Talk about your premature predictions. Fifteen years ago, I wrote a column for a now-defunct business magazine asserting that we were on the verge of the “e-scheduling” revolution. Now that everyone had become comfortable buying airplane tickets and books over the Internet, it was obvious that we’d start using to it schedule all kinds of services, from auto repair to carpet cleaning to seaweed body-wraps at the spa.
That revolution got rolling in a few parts of the economy — it’s easy to book a table at many restaurants, for instance — but my guess is that you still place quite a few phone calls every week, hang on hold, and then listen to a harried staffer rattle off a few open times. If you need to make a change, you do it all over again. And nothing happens outside of “normal business hours.”
I still believe in the basic premise of that 2000 piece — that consumers want the convenience of 24/7 online and mobile scheduling, and that businesses offering it will do better than those that don’t. Some evidence: start-ups like Handy, Washio, and Manicube are growing fast and attracting tens of millions of dollars in funding, in large part because they make it easy to summon and schedule, respectively, handyman visits, laundry pick-ups, and manicures. And why wouldn’t a small business want to reduce the time they spend answering the phone?
Startups hoping to bring service-based businesses into the 21st century still talk with revolutionary verve. But now, it’s mobile phones and cloud-based software that will ignite things.
“Smartphone penetration is extremely high, and consumer behavior has shifted in a radical way,” says Ethan Anderson, chief executive of San Francisco-based MyTime, which sells scheduling and business management software. “Small businesses are way behind, and they’re gonna be swept into the ocean.”
Josh McCarter, chief executive of New York-based Booker, another maker of scheduling software, says more than one-third of small businesses are still using pen and paper to make appointments and take reservations, even as “half of all searches for local services are happening on mobile devices.”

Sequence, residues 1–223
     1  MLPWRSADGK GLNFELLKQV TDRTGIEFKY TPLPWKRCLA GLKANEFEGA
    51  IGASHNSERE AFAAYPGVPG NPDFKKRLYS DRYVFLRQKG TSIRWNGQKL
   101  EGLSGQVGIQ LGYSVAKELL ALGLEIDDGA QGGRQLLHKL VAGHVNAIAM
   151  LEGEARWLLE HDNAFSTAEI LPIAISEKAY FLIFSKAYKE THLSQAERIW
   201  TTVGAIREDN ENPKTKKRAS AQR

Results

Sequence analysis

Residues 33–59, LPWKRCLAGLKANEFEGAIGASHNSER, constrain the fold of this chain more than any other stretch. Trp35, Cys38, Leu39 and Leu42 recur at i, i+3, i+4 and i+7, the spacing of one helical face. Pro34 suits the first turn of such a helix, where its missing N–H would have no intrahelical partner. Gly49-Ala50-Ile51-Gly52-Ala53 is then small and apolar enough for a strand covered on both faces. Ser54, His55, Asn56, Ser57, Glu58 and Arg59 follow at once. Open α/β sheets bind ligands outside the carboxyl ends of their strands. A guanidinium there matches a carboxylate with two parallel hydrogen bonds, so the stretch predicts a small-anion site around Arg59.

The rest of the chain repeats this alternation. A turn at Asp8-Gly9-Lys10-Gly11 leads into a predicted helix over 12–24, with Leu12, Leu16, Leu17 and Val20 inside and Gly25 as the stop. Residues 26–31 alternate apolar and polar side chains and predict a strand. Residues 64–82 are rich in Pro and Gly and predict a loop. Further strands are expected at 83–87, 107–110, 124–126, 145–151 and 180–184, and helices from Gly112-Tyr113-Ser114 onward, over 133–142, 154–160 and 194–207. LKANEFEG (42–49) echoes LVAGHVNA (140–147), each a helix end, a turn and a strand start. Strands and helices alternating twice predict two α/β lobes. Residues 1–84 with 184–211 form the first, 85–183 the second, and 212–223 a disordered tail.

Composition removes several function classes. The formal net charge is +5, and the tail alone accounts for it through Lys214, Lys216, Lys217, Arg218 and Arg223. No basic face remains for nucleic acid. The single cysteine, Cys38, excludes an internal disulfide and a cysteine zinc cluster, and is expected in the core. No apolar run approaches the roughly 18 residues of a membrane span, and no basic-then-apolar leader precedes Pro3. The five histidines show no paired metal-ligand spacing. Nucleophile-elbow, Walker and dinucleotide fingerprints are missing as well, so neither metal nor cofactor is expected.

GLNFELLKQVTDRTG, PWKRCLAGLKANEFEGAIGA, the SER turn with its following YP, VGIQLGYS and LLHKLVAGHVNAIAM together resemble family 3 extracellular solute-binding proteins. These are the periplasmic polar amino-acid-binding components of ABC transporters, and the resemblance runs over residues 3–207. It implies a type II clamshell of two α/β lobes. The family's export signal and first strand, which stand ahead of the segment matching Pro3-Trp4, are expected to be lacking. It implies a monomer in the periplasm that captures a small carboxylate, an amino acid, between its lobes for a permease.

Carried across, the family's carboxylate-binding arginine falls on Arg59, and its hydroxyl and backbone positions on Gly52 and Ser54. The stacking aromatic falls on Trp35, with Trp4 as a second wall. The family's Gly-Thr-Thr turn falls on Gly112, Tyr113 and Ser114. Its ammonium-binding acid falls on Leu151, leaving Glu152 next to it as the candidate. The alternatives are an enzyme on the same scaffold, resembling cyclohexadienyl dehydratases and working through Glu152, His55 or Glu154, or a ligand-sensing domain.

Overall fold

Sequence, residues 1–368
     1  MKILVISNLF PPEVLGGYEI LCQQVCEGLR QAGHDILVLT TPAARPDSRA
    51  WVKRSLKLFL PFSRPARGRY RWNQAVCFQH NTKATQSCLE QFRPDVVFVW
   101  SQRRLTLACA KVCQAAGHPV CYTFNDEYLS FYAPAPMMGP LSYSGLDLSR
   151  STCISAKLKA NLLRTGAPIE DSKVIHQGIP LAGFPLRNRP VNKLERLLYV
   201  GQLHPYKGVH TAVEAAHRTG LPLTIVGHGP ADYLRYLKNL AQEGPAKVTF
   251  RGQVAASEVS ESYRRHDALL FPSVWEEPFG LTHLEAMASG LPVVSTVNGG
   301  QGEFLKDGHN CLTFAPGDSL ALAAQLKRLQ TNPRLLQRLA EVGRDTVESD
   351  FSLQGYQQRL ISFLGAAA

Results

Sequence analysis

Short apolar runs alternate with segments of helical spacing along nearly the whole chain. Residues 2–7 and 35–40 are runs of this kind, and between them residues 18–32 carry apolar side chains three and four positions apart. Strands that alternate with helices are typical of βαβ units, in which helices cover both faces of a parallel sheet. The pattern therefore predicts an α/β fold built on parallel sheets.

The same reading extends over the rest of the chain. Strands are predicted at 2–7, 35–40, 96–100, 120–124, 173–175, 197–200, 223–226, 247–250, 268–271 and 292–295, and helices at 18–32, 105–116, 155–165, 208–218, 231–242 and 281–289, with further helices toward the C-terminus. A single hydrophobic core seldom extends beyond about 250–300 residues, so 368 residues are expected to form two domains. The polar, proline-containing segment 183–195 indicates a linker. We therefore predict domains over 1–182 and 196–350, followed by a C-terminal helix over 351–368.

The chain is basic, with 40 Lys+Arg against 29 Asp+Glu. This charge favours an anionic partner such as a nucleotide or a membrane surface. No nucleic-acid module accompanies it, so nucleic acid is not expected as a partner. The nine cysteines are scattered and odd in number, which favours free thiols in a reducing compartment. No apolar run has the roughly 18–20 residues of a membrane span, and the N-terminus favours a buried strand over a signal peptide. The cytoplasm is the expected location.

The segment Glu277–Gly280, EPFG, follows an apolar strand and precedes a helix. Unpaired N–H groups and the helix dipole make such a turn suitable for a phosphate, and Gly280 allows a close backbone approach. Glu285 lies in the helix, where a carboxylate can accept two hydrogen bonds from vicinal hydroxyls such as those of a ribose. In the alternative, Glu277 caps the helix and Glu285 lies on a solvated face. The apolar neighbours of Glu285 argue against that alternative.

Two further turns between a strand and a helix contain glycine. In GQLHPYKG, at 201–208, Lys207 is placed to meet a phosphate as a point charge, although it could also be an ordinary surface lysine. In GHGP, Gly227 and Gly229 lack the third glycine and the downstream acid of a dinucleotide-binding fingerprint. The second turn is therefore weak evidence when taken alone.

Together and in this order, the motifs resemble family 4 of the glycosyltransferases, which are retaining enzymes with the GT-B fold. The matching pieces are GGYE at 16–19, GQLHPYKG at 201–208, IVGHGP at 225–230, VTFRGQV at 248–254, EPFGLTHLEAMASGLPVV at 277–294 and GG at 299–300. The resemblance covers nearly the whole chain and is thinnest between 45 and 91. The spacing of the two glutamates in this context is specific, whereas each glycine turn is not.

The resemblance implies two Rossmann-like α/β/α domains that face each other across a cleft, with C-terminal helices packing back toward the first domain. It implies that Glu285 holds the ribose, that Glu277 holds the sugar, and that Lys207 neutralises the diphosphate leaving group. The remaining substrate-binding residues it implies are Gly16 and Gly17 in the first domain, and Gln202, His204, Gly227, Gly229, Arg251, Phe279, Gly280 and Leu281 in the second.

“Consumers want to book, and spend money, and most businesses just aren’t bookable,” McCarter said. Booker raised $35 million in March; its investors include Boston-based Bain Capital.
TimeTrade Systems, one of the Boston-area start-ups that, in 2000, was an early proponent of e-scheduling, is still around today. I used a link sent to me via e-mail to book an appointment to talk with chief executive Gary Ambrosino. He told me the site was used to arrange 84 million appointments last year, and he expects to hit 100 million this year.
Among TimeTrade’s customers are Staples (to schedule tech support), Petco (grooming), and Sears (auto repair).
Ambrosino joined TimeTrade in 2010, the year it raised a $5.6 million funding round. “One of the things that made TimeTrade last is that the company has grown with customers, and not tried to get out ahead of the market,” he says. TimeTrade plans to add about 20 employees over the summer; it’s currently at 69.
Another Boston company, Pingup, hopes to play a slightly different role in online scheduling. It wants to be an intermediary that connects the various scheduling systems like Booker, MyTime, and TimeTrade with websites like Yelp or YP.com that help consumers look for businesses. That way, as you peruse a business’ profile online, you’ll be offered the option to make an appointment.
Pingup chief executive Mark Slater says there are more than 80 providers of scheduling software in the market, and the challenge Pingup has taken on is writing software that can communicate with many of them.
Among the biggest challenges for the companies trying to sell scheduling software directly to small and mid-sized companies, says Slater, is the high costs of finding, signing up, and holding on to customers since a lot of small firms go out of business each year. “It’s like trench warfare,” he said.
In entrepreneurship, timing is almost everything. Too early, and you spend all your energy knocking on doors; too late, and it’s hard to find your place at the table. Pingup, for example, built an app to connect consumers with taxis earlier in its life, but Slater says that industry wasn’t eager to embrace new technology.
Ambrosino at TimeTrade recalls his involvement in a Lowell start-up, SecureMedia, that developed technology to protect digital music and movie files. In the late 1990s and early 2000s, SecureMedia did pilot projects with the Internet company AOL, the rock group U2, and rock star Todd Rundgren, says Ambrosino, adding that he also had conversations with the manager of the heavy metal band Metallica.
But the music and movie industries then were more focused on suing businesses like Napster that promoted illegal sharing than they were in promoting legal downloads. “We were just really early,” Ambrosino says.
At Booker, McCarter observes that services represent about three-quarters of the US economy. But so far, service-based companies have lagged behind those selling products when it comes to connecting with consumers digitally, he says.
It may, finally, be time for that to change. On my kitchen counter is a postcard from the vet, reminding me to call for an appointment to keep my cat rabies-free. I’d rather do it online.